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NJIT's Student Newspaper

The Vector

NJIT's Student Newspaper

The Vector

Should religious schools compelled by the government to employ and retain LGBT staff that engage in what they deem to be sinful behavior?


[one_third]IndependentColin Bayne

In the wake of the Equality Town Hall, the issues surrounding the furthering of equal rights for LGBT Americans have been brought into the mainstream discourse once again. Of particular note is the longstanding issue of employment discrimination with regards to the LGBT community.

Central to this debate is the particular status of religious institutions like private religious schools. While no federal protections exist, in many of the states with current LGBT anti-discrimination laws, there exist broad religious exemptions to these rules. This is meant to prevent religious institutions from compromising their beliefs. However, in practice, it amounts to a license to discriminate.

In the past decades there have been several high-profile cases of LGBT teachers at religious schools being fired upon the discovery of their marital status or gender identity. These firings are usually justified legally under what is known as the ‘ministerial exception’ to anti-discrimination laws. This exception was put in place to allow religious institutions the leeway to hold their clergy to a moral standard according to their religious beliefs. However, increasingly, religious institutes have extended the role to include lay people employed by religious organizations in positions of authority, such as teachers or guidance counselors.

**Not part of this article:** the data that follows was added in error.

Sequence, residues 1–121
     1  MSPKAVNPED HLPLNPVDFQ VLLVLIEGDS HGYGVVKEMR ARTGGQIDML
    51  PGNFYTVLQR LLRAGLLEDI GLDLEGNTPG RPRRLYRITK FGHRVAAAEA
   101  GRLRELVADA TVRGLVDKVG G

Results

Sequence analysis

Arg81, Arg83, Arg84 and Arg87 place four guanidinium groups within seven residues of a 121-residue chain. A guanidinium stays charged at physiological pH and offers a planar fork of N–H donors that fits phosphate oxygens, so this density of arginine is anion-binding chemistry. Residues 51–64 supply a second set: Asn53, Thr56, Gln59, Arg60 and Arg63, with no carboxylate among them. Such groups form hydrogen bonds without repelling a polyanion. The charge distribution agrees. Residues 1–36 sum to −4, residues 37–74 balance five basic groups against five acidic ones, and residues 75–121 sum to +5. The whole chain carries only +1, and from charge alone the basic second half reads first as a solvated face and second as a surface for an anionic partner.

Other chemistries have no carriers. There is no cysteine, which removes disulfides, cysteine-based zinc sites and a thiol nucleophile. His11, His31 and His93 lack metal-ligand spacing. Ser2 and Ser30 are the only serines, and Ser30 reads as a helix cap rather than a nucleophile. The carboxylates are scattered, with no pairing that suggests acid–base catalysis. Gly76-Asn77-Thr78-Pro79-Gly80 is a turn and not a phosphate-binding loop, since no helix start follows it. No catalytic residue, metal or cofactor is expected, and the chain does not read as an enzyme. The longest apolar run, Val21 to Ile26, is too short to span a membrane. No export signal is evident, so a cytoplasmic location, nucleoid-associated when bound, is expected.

These people are clearly not ministering nor providing theological services, and as such should not qualify as members of a ministry, meaning that the ministerial exception should not apply to them. The misuse of this exception to target LGBT people is often defended as simply being a natural exercise of the right of free religious practice, but this can often be seen to be untrue. If these institutions were sincere in their efforts to simply enforce religious moral codes, then we would see a slew of Catholic educators fired for divorce and remarriage, actions explicitly prohibited by church law, and yet we do not. Only with regards to the LGBT status of teachers do we see this moral defense invoked on a systematic level, and as such is extremely discriminatory.